Top news of the day from across the health care landscape.
A report released by the Congressional Budget Office shows that repealing the Affordable Care Act instead of replacing it would result in 32 million more uninsured Americans and would double premiums over the next 10 years, according to Politico. The legislation is an updated version of a repeal proposition that was introduced in 2015. The report indicated that the revived bill would result in 17 million Americans losing insurance and would increase premiums 25% within 1 year; however, it would cut the deficit by $473 billion over the next decade, according to the article.
Yesterday, a congressional auditor testified that the federal government made more than $16 billion in improper payments to Medicare Advantage plans last year, according to Kaiser Health News. In addition to overpayment to Medicare, improper payments were projected to reach nearly $60 billion last year. These findings highlight the need for significant changes to prevent substantial overpayments to Medicare and Medicare Advantage, Kaiser reported.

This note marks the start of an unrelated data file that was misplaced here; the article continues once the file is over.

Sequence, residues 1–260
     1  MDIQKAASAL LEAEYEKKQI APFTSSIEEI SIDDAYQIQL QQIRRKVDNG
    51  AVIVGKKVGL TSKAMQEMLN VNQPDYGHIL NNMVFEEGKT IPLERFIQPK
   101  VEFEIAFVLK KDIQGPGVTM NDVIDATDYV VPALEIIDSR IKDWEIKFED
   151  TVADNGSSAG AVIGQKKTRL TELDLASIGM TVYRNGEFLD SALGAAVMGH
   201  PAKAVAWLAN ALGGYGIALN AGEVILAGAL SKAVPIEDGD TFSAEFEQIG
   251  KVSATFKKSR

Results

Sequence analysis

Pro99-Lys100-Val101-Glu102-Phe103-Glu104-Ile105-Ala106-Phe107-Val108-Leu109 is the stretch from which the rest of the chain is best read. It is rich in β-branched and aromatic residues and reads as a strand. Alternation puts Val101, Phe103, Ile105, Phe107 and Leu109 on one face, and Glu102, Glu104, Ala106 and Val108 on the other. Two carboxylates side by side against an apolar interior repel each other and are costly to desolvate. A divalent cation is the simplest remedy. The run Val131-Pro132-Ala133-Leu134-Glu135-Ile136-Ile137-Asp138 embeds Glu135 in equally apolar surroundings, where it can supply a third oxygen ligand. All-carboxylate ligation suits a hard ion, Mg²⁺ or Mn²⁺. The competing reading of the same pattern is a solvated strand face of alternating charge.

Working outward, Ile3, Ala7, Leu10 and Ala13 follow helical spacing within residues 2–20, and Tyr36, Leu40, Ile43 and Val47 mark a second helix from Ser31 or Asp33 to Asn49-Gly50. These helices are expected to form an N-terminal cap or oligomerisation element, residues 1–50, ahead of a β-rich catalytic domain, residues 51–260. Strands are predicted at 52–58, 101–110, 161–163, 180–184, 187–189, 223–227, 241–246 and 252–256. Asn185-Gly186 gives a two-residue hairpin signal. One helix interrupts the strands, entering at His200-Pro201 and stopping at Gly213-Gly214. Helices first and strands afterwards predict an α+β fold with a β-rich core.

The United Nations reported that for the first time, more than half of all patients with HIV are receiving treatment. Additionally, AIDS-related deaths have been plummeting, with the rate slashed in half since 2005, USA Today reported. Despite the promising progress, experts question whether the billions spent within the past 20 years on HIV and AIDS should have reduced the rate even further, according to the article.